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no doubt in a spirit of anticipatory exchange for some really good thing in our more scientific and certain method of getting something for nothing. . . .

In spite of my preoccupation with my experimental work, I did, I find now that I come to ransack my impressions, see a great deal of the great world during those eventful years; I had a near view of the machinery by which our astounding Empire is run, rubbed shoulders and exchanged experiences with bishops and statesmen, political women and women who were not political, physicians and soldiers, artists and authors, the directors of great journals, philanthropists and all sort of eminent, significant people. I saw the statesmen without their orders and the bishops with but a little purple silk left over from their canonicals, inhaling, not incense but cigar smoke. I could look at them all the better because for the most part they were not looking at me but at my uncle, and calculating consciously or unconsciously how they might use him and assimilate him to their system, the most unpremeditated, subtle, successful and aimless plutocracy that ever encumbered the destinies of mankind. Not one of them, so far as I could see, until disaster overtook him, resented his lies, his almost naked dishonesty of method, the disorderly disturbance of this trade and that, caused by his spasmodic operations. I can see them now about him, see them polite, watchful, various; his stiff compact little figure always a centre of attention, his wiry hair, his brief nose, his under-lip, electric with self-confidence. Wandering marginally through distinguished gatherings, I would catch the whispers: "That's Mr. Ponderevo!"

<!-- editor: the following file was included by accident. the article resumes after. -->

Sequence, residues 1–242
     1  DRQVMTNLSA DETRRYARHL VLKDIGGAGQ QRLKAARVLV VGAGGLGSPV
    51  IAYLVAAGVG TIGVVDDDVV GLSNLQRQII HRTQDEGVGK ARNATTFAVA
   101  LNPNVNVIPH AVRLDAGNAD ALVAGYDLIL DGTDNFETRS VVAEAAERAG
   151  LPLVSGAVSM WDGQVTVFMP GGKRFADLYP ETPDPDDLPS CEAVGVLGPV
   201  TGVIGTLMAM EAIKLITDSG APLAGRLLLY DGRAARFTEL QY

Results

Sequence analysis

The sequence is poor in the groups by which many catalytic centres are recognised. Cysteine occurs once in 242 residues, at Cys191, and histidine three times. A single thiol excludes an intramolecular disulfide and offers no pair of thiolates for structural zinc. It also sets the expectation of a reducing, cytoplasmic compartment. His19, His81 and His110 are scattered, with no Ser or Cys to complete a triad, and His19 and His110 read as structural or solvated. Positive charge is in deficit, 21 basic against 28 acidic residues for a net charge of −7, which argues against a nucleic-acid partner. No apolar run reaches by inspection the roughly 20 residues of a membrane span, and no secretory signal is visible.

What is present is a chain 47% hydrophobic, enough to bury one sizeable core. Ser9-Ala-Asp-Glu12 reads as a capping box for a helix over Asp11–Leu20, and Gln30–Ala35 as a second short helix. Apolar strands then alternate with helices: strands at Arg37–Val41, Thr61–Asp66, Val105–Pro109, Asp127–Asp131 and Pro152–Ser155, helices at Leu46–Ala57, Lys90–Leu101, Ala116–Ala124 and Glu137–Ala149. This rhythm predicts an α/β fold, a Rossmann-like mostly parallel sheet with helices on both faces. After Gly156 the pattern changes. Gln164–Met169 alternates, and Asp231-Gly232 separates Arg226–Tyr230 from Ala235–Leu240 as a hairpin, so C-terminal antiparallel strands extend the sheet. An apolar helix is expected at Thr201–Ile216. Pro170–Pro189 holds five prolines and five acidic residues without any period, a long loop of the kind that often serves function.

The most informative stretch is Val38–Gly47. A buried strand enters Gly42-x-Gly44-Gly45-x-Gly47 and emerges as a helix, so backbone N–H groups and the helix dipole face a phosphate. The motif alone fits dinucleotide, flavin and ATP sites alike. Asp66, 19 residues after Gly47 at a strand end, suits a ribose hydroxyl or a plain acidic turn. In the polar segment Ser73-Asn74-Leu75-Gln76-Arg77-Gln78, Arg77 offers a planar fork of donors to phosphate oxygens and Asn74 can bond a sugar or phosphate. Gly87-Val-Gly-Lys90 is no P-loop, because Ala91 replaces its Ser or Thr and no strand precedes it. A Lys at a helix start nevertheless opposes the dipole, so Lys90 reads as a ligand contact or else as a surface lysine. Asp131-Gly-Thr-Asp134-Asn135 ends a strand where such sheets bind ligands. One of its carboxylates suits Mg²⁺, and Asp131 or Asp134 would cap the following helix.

"The little man?"

"Yes, the little bounder with the glasses."

"They say he's made——. . .